Indonesia has imposed a three-year moratorium on new palm oil plantations and ordered a review of existing ones in an effort to address sustainability and environmental concerns.
Prabianto Mukti Wibowo, deputy minister at the Coordinating Ministry for Economic Affairs, said the moratorium was needed as many planned plantations were inside natural forests and also to clarify the legal rights of smallholders, wrote Business Insider UK on 20 September.
The move was aimed at improving the environmental sustainability of palm oil production, improve productivity and help clarify land ownership rights for smallholders and to slow down fresh fruit bunch production amidst a global glut of palm oil.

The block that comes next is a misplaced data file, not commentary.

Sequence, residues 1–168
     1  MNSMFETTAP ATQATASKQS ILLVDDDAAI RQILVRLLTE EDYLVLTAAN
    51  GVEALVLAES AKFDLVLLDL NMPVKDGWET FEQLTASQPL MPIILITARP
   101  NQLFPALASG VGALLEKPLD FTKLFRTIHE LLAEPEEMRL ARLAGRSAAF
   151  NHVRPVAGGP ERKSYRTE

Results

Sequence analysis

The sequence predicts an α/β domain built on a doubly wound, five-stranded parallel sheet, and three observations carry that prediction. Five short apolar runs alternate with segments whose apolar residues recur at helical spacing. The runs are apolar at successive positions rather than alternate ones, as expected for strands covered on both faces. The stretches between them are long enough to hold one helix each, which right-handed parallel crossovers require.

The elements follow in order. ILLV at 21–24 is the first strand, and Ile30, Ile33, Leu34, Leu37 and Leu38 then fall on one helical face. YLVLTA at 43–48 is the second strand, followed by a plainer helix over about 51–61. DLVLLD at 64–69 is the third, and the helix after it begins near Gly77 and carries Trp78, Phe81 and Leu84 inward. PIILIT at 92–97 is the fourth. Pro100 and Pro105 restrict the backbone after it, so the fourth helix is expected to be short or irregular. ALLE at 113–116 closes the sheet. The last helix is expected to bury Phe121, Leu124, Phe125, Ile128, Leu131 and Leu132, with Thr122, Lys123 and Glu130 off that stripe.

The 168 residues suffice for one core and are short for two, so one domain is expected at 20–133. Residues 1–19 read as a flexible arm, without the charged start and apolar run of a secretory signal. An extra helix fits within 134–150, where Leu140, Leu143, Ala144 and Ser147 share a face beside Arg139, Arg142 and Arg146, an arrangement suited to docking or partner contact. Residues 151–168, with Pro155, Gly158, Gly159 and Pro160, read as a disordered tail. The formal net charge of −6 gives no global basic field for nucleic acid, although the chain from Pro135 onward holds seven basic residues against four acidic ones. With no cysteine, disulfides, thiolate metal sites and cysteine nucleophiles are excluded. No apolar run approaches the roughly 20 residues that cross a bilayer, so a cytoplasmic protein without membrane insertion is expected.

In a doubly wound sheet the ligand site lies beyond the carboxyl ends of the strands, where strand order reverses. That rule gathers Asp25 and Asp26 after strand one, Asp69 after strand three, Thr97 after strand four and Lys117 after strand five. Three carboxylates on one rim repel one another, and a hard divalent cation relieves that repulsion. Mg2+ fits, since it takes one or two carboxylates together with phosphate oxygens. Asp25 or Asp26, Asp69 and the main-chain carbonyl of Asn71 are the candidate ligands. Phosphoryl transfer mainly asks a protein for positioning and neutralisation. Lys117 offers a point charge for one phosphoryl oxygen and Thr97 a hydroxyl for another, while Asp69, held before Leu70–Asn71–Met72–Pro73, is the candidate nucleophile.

However, the moratorium could hinder the activities of later entrants into the Indonesian palm oil industry.
Indonesian Public Investment Band Bhd told New Straits Times that the policy could negatively affect plantation players who were new or those with significant plantable landbanks in Indonesia.
But the bank said it did not expect any major impact on affected companies as most had already almost fully used their available lands.
The firm added that the temporary ban could help support palm oil prices and ease future oversupply concerns.
“Indonesia, which accounts for 51.7% of global palm oil production, is expected to see an output rise of 5.5% year-on-year to 38.5M tonnes this year,” said PublicInvest.
The moratorium was not the first of its kind, as Indonesia enacted a similar policy in 2010 after a US$1bn deal with Norway and in 2015 in the aftermath of massive wildfires.